Big changes coming to SABC2 and SABC3

2018-09-27 23:00

Cape Town – The SABC says it will re-energise SABC2's prime time offering and is yet again going to reposition SABC3 to try and lift these two channels' viewership and audience share as part of a new turn-around plan to stem and reverse the ratings slide these channels experienced the past few years.

Nomsa Philiso, the SABC's group executive for television, on Tuesday told parliament that the SABC is working at reversing the viewership slides at its SABC2 and SABC3 TV channels.

Gerhard Pretorius is the SABC2 channel head, and David Makubyane, the SABC's general manager for TV channels is currently the acting SABC3 channel head.

"Our overall objective is to strengthen the [channels] network because what we do not want is a cannibalisation of our 3 TV channels competing against each other. So at any given time we need to ensure that the audiences remain within the SABC stable. So we need to be investing more money on the key properties, especially in prime time slots," said Philiso.

"SABC2 also had its own problems from 2014 coming this way – it has had 6 major schedule changes – so it has dropped some of its share and would like to see a targeted increase from a 13% share to 15%."

"We are also looking at some of the key properties that are under-performing in the prime time timeslots on SABC2 and we are also going to be reviewing those."

"From a SABC2 point of view we really want to continue to entrench the positioning of SABC2 as a family channel, which is really focused on nation-building and social cohesion."

"We want to make sure that from a scheduling point of view, we create stability, because if we do not have stability, commercial sales isn't able to sell. As you know we sell 14 weeks in advance, so any chance that is unexpected for us, is a direct revenue loss."

"So if we've got a funeral to cover to put on SABC2 it simply means that money's lost."

Philiso said "in programming there are some of our key pillars – key programmes that are starting to decline – and we're looking at those to see how we can re-energise them and give them new energy."


"We also want to make sure that SABC3 is positioned as a premium space for advertisers to reach specific, particularly economically mobile audiences which ordinarily are perceived – and I use the word perceived – to be a DStv subscription market," said Philiso.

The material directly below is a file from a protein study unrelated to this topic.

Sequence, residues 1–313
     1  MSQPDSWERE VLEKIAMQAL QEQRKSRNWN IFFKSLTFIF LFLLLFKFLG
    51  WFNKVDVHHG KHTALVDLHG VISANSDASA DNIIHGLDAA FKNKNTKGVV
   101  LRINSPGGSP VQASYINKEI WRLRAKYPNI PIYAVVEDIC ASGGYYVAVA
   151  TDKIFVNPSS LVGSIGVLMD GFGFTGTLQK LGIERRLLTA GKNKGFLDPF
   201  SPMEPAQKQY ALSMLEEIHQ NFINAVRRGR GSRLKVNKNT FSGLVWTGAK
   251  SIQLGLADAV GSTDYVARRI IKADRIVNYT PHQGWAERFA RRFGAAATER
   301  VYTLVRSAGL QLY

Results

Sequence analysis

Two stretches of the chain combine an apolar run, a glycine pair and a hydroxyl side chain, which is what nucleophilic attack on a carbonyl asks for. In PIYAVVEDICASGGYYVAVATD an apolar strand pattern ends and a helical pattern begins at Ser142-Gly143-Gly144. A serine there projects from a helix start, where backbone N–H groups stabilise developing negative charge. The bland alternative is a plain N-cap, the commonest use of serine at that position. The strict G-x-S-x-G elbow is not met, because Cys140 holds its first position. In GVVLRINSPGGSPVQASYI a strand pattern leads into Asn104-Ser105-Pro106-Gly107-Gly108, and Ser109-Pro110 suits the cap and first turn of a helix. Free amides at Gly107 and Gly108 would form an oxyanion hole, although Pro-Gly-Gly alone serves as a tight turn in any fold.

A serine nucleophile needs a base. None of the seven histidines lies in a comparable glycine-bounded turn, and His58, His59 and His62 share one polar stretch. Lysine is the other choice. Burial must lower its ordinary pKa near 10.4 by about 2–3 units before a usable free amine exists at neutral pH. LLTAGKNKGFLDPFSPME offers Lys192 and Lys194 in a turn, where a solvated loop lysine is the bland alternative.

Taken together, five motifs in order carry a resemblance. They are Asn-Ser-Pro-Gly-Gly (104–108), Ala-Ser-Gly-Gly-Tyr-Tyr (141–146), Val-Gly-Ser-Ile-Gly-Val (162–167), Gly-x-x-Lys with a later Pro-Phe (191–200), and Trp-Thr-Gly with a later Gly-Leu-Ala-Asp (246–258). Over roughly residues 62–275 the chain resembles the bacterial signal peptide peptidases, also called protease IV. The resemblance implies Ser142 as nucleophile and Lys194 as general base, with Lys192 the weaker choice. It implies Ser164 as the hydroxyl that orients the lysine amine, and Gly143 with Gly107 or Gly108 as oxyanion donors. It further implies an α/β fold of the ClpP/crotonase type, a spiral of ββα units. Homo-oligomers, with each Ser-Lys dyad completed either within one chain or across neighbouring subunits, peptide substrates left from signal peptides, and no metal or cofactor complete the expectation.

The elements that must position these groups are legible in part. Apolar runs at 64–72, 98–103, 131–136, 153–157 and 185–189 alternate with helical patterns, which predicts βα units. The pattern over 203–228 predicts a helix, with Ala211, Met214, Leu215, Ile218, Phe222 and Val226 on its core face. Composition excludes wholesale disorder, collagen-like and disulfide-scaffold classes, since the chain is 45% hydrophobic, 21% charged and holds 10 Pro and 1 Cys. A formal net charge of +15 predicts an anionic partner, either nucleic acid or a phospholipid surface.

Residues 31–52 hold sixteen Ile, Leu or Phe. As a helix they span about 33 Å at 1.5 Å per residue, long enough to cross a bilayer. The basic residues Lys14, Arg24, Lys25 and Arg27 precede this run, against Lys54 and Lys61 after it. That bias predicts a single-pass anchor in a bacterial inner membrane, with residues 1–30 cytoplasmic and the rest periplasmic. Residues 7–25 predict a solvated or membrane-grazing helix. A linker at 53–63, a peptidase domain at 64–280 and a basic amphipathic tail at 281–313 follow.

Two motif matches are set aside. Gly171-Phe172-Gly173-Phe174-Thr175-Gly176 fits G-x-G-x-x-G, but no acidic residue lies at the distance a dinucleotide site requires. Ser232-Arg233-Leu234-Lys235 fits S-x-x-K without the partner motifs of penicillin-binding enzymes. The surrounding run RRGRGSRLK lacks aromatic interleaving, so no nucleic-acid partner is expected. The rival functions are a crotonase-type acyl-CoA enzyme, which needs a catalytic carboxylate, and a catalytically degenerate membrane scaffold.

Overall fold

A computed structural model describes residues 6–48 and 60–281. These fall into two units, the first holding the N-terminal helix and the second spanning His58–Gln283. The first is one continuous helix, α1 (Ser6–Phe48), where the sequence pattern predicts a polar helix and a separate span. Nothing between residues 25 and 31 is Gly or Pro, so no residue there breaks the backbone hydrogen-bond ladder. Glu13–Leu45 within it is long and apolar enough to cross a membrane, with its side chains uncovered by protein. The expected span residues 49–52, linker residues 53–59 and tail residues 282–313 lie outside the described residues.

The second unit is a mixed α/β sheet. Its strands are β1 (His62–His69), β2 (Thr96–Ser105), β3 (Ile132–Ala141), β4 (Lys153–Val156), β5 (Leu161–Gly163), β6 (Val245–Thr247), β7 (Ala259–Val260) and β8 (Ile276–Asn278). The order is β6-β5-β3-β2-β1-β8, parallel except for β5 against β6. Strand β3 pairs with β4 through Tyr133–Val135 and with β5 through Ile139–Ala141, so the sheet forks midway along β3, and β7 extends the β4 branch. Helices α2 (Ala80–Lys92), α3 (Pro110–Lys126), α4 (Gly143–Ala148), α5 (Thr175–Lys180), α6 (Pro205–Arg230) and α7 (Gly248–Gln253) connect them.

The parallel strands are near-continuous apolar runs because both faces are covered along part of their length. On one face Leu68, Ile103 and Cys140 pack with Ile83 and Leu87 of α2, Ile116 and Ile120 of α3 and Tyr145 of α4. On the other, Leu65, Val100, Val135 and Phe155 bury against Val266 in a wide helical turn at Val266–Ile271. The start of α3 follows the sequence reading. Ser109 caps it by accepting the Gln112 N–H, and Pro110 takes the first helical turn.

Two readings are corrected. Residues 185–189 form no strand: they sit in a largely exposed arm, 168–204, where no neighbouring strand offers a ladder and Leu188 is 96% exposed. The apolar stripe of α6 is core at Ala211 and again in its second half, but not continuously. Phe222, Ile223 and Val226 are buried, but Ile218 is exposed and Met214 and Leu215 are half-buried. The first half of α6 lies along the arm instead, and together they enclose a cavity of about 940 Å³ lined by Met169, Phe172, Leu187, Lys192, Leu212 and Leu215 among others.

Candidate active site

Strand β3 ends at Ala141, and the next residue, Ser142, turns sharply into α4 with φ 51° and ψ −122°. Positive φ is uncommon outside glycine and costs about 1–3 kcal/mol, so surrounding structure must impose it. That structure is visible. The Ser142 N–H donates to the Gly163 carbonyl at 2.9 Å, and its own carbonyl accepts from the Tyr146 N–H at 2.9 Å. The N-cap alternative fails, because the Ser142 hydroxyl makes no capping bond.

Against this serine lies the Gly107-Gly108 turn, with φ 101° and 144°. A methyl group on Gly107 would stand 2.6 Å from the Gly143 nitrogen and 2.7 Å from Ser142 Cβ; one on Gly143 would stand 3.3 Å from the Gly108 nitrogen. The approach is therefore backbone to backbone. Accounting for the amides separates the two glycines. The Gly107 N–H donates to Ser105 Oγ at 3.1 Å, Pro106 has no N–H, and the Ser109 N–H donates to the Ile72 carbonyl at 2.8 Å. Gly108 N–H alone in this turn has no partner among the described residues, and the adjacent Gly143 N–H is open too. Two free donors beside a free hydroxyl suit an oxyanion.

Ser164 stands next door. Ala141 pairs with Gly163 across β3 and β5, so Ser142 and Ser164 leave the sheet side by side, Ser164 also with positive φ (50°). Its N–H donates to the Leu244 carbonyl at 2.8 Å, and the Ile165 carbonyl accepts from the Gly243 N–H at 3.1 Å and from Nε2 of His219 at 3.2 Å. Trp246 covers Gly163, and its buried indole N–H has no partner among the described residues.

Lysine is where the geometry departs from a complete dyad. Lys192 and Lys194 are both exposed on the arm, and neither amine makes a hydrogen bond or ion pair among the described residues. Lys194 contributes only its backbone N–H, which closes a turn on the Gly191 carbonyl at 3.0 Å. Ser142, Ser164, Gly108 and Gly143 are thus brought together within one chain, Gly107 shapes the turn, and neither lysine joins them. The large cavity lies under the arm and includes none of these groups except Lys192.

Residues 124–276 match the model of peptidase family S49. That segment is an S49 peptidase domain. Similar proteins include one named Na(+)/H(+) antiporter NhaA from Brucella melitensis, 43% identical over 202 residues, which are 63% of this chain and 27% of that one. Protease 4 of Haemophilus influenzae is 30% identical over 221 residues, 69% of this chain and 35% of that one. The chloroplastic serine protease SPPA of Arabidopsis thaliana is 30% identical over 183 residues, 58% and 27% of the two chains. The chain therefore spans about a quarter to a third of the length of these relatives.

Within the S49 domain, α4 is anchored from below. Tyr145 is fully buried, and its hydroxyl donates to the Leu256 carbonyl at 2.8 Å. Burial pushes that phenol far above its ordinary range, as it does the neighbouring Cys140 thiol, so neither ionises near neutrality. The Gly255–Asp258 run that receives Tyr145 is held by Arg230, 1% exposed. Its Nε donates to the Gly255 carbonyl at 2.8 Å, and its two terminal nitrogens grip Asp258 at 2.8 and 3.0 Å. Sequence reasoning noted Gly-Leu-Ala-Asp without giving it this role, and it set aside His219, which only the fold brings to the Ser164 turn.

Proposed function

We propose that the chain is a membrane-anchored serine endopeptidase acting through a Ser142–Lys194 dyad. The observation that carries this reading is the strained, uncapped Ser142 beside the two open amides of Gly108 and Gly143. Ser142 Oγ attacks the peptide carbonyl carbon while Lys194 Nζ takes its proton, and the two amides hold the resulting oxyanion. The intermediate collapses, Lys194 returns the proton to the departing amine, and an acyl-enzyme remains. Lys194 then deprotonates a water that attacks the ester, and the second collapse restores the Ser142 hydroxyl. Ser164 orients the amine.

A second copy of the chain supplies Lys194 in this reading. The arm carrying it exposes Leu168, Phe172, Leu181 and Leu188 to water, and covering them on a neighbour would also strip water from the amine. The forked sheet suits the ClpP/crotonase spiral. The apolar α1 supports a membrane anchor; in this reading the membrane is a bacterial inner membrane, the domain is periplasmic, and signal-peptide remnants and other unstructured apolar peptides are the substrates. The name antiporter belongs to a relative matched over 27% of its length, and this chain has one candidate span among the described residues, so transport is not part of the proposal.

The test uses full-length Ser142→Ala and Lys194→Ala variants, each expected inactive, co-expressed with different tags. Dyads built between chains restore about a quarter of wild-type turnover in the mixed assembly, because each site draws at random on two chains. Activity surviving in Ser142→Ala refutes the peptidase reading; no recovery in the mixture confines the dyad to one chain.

"We do believe that it's a market that we're able to, or should be able, to claw back."

She said "in terms of SABC3 we want to continue to reflect a diverse racial grouping and also put in from a programming point of view, look at reality, we want to look at new dramas, and we also want to have magazine shows that are more of an emotainment nature where we are going to be able to talk about self-improvement of people because that's what sells at the moment".

"We also want to strengthen our talk, in terms of social cohesion as well. We're also looking at various partnerships, particularly in the children's block for SABC3 because children unfortunately in the television space is one of the least-invested genres and it's a pity because I think it's one of the important sectors.


"The model that we've always spoken about to say that we do 100% commissioning isn't sustainable, but it also doesn't work well for the producers. Producers want to be able to own some of the intellectual property – and in that way we are then able to on-sell these properties and find other revenue opportunities downstream."

"Also to get into the distribution market so that it's not only properties that live within the South African market."

"In terms of content exploitation, we are looking to diversify the rights so that when we acquire the programming, we also make sure that the producers own some of the rights so that they also have the responsibility to expand this."

"We're also looking at a new way of charging for our channels in terms of carriage fees and a lot of people have expressed an interest in having access to our channels," she said. The SABC wants the broadcasting regulator Icasa to change the so-called “must carry regulations” so that pay-TV operators like MultiChoice, StarSat and Deukom are not just forced to carry the channels but are also forced to pay carriage frees. 

Philiso said "from a content acquisition perspective we're looking at as we bring in the money we start to create [programming] stock because one of the biggest issues is that we don't have stock."

"Essentially we produce to transmission which is not very viable," she said. "We should commission platform-agnostic content because it's not just about television anymore, we have to life on all the platforms."

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